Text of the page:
Food stamps will buy any type of food, including powdered donuts, Snickers bars, Diet Coke, and organic cucumbers. I get $526—the max—deposited into my food stamp account each month to spend on anything but prepackaged and ready-to-eat meals, the kind of stuff you’d get at Target’s in-store deli or café. Alcohol and cigarettes are verboten too. I’m surprised to learn that seed packets are on the approved food stamp list, but I’ve never bought any. The planting, watering and waiting would take up too much time—an equally precious commodity.
Poverty can’t be recognized in any outward sign, though it has its stereotypical markers: ratty clothes, ratty purse, ratty wallet, ratty kids with food-stained faces running wild at the end of the checkout line.
And obesity. It’s another sign of poverty that initially confounded me. If you’re poor, how can you be fat? Wouldn’t you be skinny because you can’t afford enough to eat?
But shopping proved my logic faulty. I can buy a lot more Mrs. Baird’s powdered donuts at $2 a bag than organic cucumbers at $2.25 apiece. I’ve got a family of three to feed. Organic cucumbers aren’t going to cut it.
Buying “junk food” with food stamps is a paradox that Congress weighed in 2008. According to the U.S. Department of Agriculture’s website, “Several times in the history of SNAP, Congress had considered placing limits on the types of food that could be purchased with program benefits. However, they concluded that designating foods as luxury or non-nutritious would be administratively costly and burdensome.”
Unless junk food is taken off the list of eligible food items or the cost of healthy fare decreases dramatically, poor people are likely to continue leading heavier, unhealthier lives.
In 2012, Texas was identified as the 10th-fattest state in the country in a study from the Trust for America’s Health and the Robert Wood Johnson Foundation. Sixty-six percent of Texans are carrying around too many pounds: A whopping 30.4 percent are classified as obese, and another 35 percent are overweight.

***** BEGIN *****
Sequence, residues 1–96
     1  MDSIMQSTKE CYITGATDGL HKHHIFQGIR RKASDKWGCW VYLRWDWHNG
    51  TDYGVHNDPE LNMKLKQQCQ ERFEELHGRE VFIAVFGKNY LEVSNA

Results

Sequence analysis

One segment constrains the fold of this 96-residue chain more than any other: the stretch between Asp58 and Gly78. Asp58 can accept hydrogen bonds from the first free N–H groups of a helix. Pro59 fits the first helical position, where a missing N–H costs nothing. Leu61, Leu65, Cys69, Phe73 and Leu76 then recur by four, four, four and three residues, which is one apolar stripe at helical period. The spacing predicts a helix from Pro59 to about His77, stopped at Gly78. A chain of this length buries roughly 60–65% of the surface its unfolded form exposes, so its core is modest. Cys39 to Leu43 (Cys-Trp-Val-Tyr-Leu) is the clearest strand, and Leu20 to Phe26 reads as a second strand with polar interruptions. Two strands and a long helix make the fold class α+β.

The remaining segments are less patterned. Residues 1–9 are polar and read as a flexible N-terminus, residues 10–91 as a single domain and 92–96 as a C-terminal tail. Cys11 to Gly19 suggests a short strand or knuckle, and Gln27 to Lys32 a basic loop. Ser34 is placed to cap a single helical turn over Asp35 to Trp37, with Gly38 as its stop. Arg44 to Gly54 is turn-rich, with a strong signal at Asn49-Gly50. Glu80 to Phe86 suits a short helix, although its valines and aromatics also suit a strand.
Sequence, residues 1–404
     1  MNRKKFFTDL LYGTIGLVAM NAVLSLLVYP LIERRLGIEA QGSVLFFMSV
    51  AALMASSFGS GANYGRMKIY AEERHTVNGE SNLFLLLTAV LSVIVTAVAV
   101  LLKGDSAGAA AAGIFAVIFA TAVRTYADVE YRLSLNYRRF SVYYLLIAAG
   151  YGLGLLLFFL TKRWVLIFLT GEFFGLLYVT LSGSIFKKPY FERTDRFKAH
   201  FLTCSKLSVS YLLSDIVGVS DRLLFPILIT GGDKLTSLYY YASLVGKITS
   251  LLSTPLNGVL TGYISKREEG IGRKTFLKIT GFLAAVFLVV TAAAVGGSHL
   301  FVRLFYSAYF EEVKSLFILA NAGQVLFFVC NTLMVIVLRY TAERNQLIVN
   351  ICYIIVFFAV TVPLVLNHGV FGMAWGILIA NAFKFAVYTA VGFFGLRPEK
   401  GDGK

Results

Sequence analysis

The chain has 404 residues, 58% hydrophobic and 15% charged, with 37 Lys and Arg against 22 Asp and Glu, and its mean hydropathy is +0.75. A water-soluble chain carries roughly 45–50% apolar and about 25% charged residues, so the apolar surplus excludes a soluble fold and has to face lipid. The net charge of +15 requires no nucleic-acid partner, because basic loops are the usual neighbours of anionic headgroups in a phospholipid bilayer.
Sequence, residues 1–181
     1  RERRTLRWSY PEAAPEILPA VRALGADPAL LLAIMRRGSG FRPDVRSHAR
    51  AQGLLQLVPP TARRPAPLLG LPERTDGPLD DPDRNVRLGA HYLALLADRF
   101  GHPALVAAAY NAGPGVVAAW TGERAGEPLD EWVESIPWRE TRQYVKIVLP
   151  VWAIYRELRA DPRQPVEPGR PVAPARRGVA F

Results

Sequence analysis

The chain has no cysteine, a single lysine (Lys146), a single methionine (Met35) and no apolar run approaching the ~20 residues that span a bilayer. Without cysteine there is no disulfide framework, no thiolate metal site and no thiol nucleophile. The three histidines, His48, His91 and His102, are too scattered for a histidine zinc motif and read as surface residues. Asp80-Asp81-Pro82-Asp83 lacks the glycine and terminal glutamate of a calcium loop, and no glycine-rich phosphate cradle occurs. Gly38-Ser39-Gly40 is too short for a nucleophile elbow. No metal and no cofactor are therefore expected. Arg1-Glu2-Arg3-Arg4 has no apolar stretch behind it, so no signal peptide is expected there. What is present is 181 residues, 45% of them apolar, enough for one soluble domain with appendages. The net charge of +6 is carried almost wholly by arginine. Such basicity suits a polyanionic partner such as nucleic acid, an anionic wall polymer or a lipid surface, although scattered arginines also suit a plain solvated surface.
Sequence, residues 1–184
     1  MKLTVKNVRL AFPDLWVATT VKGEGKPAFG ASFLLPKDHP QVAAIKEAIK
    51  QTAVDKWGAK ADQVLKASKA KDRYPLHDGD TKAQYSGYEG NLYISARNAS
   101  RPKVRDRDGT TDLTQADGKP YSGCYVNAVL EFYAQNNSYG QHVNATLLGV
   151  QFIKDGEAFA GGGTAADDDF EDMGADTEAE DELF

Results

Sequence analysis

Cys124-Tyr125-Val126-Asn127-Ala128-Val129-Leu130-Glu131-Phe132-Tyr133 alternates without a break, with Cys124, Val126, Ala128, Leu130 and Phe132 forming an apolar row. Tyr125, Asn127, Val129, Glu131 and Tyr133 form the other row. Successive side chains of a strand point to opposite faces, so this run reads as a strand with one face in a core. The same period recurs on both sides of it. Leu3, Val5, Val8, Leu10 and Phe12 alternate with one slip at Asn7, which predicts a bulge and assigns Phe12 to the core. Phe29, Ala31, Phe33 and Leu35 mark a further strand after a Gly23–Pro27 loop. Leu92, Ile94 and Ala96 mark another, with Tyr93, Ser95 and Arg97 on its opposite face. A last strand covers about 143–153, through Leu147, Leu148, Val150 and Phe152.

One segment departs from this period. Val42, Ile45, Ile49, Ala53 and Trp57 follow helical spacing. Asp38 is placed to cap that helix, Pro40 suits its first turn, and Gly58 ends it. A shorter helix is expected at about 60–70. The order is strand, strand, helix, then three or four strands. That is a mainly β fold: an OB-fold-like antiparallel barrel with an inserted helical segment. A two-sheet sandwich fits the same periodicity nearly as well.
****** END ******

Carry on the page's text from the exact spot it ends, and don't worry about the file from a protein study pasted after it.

According to the Texas Comptroller’s office, lack of education and income are directly related to obesity; without education you make less money, which makes you more likely to be poor, which makes you more likely to be fat. Just 22 percent of college graduates are obese, while 37 percent of Texans without a high school diploma fall into the category.
Today, nearly 6 million Texans live in poverty. For a family of four that means an annual household income of less than $22,050 a year. And 23 percent of Texans are impoverished, exceeding the national average of 20 percent. From 2009 to 2010, Texas added another 373,000 poor residents—a population the size of Arlington.
And 38 percent of Texans who earn between $15,000 and $24,000 a year are—you guessed it— obese.
At a time when obesity is seen as a serious public health threat, research has found a growing prejudice against fat people.
Last week, the Rudd Center for Food Policy and Obesity at Yale University published a study suggesting that male jurors didn’t administer blind justice when it came to plus-size female defendants.
Female jurors displayed no prejudice against fat defendants but men — especially lean men — were far more likely to slap a guilty verdict on an overweight woman and were quicker to label her a repeat offender with an “awareness of her crimes.”
Another recent study by the Center for Creative Leadership found that top managers with a high body mass index were judged more harshly and seen as less effective than their slimmer colleagues by their peers, both at work and in interpersonal relationships.
Rebecca Puhl, one of the Yale researchers who co-wrote the juror study, said these displays of fat stigma are par for the course.
“Thinness has come to symbolize important values in our society, values such as discipline, hard work, ambition and willpower. If you’re not thin, then you don’t have them,” she said.
Previous research by Puhl and her associates found that prejudice against fat people was pervasive and translated into inequities across broad areas of life.
Some examples: Fifty percent of doctors found that fat patients were “awkward, ugly, weak-willed and unlikely to comply with treatment” and 24 percent of nurses said they were repulsed by their obese patients. Nearly 30 percent of teachers said that becoming obese was “the worst thing that can happen to someone” – and more than 70 percent of obese people said they had been ridiculed about their weight by a family member.
Obesity and Responsibility: Paternalism and no-fault insurance won’t fix our most serious health care problem
Obesity, the most serious public health problem in America, has yet to be honestly discussed.
After studies in the 1960s clarified the health impacts of cigarettes, smoking became an object of concerted public-health efforts. Smokers were increasingly ostracized, greatly reducing the incidence of smoking in the United States. Yet holding obese people responsible for their condition is still considered not only politically incorrect but discriminatory and prejudiced.